Home » Budget Industry » Neller: Marines Must Prepare to ‘Fight to Get to the Fight’ In High-End Littoral Warfare


Neller: Marines Must Prepare to ‘Fight to Get to the Fight’ In High-End Littoral Warfare

U.S. Marines and Sailors with the 26th Marine Expeditionary Unit (MEU) exit a U.S. Navy landing craft utility (LCU) during Amphibious Squadron (PHIBRON)-MEU Unit Integration Training (PMINT) at Onslow Beach, N.C., July 16, 2017. US Marine Corps photo.

MARINE CORPS BASE QUANTICO — The Marine Corps is continuing to develop and practice its Marine Corps Operating Concept and the Littoral Operations in a Contested Environment (LOCE) offshoot, but Commandant of the Marine Corps Gen. Robert Neller told USNI News the most of the work needed to support transitioning to those new concepts is already underway.

Neller spoke at the Modern Day Marine 2017 exposition at Marine Corps Base Quantico on Wednesday, focusing his address on LOCE, which he said more tightly integrates the Navy/Marine Corps team and prepares them to “fight to get to the fight.”

Whereas in recent history the Navy and Marine Corps have been able to sail into theater uncontested, pull logistics ships into ports, unpack gear and organize troops before heading into battle, “I don’t’ think that’s what the future holds for us” when looking at a potential future fight with high-end adversaries, Neller told the audience.

“Our adversaries are not just going to let us go to the fight uncontested; we’re going to have to fight our way across the ocean or under the ocean or in the air,” he said.
“When Marines used to get on ship, the days of, okay I’m onboard ship, I need to know when chow is and where I’m going to take a nap – you guys are making me work way too hard for some laughs – but let’s be honest with ourselves, you got on ship and were like, okay, sailor, wake me up when we get there. That’s not going to be the way it’s going to be. So that’s what we’re operating on – we’re going to have to fight to get to the fight.”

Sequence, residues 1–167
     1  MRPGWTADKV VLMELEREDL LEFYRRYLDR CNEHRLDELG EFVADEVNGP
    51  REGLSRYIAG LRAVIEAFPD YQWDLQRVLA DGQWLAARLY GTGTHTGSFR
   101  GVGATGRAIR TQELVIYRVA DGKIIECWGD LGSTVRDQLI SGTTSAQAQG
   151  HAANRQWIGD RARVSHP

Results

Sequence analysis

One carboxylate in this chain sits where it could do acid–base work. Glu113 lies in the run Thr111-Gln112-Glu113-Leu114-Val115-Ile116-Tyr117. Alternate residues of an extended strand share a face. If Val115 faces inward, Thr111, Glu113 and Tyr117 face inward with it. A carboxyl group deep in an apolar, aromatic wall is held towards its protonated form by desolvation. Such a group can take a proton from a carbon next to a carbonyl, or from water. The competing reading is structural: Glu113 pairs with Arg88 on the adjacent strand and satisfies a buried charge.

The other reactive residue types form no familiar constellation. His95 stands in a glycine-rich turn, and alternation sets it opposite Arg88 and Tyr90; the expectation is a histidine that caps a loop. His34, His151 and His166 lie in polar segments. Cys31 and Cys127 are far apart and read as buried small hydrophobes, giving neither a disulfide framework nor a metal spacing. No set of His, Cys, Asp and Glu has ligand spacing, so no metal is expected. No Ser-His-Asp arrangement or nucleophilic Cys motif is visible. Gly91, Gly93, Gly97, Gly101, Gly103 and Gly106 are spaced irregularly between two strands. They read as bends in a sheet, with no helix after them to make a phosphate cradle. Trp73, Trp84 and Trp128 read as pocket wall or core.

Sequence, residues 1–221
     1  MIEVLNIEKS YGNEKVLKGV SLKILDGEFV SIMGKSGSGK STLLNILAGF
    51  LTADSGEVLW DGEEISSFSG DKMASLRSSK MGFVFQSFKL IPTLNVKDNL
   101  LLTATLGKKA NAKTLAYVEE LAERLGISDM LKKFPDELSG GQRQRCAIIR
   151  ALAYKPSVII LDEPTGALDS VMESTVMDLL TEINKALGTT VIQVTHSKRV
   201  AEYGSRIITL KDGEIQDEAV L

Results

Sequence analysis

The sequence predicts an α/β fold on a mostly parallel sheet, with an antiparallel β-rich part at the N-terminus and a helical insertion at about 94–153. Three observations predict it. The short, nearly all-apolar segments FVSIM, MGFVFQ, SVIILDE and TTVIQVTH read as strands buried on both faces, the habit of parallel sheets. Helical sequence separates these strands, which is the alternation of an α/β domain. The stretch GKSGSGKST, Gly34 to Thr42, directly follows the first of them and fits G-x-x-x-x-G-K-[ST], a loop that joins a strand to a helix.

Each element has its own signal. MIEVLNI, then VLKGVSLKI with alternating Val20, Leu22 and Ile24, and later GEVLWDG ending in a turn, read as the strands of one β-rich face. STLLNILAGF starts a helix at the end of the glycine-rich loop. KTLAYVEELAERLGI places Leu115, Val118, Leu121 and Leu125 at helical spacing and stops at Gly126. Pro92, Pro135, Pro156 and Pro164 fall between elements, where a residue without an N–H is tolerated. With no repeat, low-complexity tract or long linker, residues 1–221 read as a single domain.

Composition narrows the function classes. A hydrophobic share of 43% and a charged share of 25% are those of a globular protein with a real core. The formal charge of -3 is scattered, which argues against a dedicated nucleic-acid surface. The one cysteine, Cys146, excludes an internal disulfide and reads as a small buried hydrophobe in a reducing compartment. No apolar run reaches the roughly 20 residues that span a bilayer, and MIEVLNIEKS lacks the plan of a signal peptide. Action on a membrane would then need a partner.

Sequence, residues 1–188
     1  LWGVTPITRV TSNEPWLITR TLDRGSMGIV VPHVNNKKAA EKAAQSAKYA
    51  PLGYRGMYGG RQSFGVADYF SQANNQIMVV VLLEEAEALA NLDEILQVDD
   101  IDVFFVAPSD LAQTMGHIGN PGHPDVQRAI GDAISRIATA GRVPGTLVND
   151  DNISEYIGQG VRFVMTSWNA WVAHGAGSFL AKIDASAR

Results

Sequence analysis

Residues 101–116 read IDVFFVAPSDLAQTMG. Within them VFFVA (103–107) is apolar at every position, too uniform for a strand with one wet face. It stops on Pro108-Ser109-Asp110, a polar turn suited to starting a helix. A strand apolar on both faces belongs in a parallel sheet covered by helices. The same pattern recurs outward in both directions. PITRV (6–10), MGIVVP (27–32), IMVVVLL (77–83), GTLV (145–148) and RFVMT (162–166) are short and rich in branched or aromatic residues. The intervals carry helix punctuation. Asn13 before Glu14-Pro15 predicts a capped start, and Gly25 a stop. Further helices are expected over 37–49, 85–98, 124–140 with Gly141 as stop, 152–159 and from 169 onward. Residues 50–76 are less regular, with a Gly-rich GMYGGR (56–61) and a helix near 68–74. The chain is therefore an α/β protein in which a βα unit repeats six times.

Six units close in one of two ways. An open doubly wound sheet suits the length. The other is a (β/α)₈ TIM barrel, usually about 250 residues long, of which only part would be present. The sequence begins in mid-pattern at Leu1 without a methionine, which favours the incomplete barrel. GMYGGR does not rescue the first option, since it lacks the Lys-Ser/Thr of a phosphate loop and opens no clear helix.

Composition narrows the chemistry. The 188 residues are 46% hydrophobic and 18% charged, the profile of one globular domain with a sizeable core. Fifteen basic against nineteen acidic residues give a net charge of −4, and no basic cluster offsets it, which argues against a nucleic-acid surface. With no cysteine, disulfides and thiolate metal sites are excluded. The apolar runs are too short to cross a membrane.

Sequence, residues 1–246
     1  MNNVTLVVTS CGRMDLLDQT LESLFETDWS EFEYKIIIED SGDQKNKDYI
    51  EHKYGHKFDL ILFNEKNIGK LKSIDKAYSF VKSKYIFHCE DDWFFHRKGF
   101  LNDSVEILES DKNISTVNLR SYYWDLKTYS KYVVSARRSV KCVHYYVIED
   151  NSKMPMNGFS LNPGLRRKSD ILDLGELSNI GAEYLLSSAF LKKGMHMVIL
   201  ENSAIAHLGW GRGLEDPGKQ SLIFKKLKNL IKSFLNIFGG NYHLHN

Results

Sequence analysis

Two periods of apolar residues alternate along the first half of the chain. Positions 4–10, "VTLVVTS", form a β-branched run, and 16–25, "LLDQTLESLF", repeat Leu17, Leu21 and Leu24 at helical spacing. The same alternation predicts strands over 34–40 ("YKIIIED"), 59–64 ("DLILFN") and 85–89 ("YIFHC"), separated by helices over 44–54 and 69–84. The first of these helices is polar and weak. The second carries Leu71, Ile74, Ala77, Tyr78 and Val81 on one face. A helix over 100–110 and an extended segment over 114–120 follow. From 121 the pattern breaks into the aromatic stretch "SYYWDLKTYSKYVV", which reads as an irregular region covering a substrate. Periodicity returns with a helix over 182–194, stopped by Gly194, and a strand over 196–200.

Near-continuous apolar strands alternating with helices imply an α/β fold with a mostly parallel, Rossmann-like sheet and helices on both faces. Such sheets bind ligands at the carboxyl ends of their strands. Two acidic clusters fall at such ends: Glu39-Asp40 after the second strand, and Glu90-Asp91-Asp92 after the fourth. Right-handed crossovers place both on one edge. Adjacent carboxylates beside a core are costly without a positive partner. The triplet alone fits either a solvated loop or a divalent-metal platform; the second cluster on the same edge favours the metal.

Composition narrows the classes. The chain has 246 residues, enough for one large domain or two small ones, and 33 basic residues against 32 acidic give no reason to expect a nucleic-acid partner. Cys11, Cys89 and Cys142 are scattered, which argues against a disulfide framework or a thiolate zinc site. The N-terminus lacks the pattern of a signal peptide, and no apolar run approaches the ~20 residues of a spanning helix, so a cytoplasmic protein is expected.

Gen. Robert Neller speaking at Camp Pendleton, Calif. in April 2017. US Marine Corps Photo

Neller summed up LOCE by saying, “it’s a new look at an old mission – coming from the sea, which is as old as the Romans and the Greeks – but in an environment that’s changed.” Making comparisons to famous World War II fights like Guadalcanal, Neller said the Marine Corps wouldn’t launch an amphibious assault with lines of Amphibious Assault Vehicles (AAVs) swimming ashore – but he said the focus on securing an advance land base that can then allow ground units to establish sea control that allows Navy ships to maneuver and take additional advance bases would apply in the future fight just as it did in World War II.

He said during his presentation that amphibious exercises like the upcoming Bold Alligator 2017 would allow the Marines to work out the finer details of operating under the MOC and LOCE. But asked if the ability to begin operating according to those concepts was pending lessons learned from exercises or had already trickled down to operating units, Neller told USNI News there is a big transformation happening in the Marine Corps that may be delivering piece by piece but would eventually yield a much more capable force to fight the future high-end battle.

Assault Amphibious Vehicles enter the well deck of USS San Diego (LPD 22) for the start of the 15th Marine Expeditionary Unit’s Certification Exercise, May 31, 2017. US Marine Corps photo.

Neller said the Marine Corps is changing what it buys – from smaller things like weaponry, armor and helmets, power generation and more, to bigger ticket items like more reliable communications and improved connectivity on ships – as well as how it operates.

Procurement of those new goods is already underway, the commandant said, as is an effort at “working better within the context of the entire fleet, whereas I think we have, not wrongly or rightly, we have operated amphibious ships by themselves as opposed to part of the fleet. This Bold Alligator, I think the last one had a carrier strike group but it’s not quite as integrated – because if you have a hostile shore or a pretty capable adversary, we’re not going to get ashore unless we’ve got the entire fleet there to set the conditions to make that happen.”